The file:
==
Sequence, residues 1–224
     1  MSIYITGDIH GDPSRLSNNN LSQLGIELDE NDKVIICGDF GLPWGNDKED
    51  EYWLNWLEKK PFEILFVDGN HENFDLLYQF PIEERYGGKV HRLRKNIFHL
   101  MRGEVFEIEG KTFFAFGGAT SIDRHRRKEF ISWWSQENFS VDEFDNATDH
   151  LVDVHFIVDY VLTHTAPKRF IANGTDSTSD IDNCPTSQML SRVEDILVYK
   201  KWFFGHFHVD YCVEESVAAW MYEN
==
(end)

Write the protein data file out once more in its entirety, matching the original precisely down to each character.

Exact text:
Sequence, residues 1–224
     1  MSIYITGDIH GDPSRLSNNN LSQLGIELDE NDKVIICGDF GLPWGNDKED
    51  EYWLNWLEKK PFEILFVDGN HENFDLLYQF PIEERYGGKV HRLRKNIFHL
   101  MRGEVFEIEG KTFFAFGGAT SIDRHRRKEF ISWWSQENFS VDEFDNATDH
   151  LVDVHFIVDY VLTHTAPKRF IANGTDSTSD IDNCPTSQML SRVEDILVYK
   201  KWFFGHFHVD YCVEESVAAW MYEN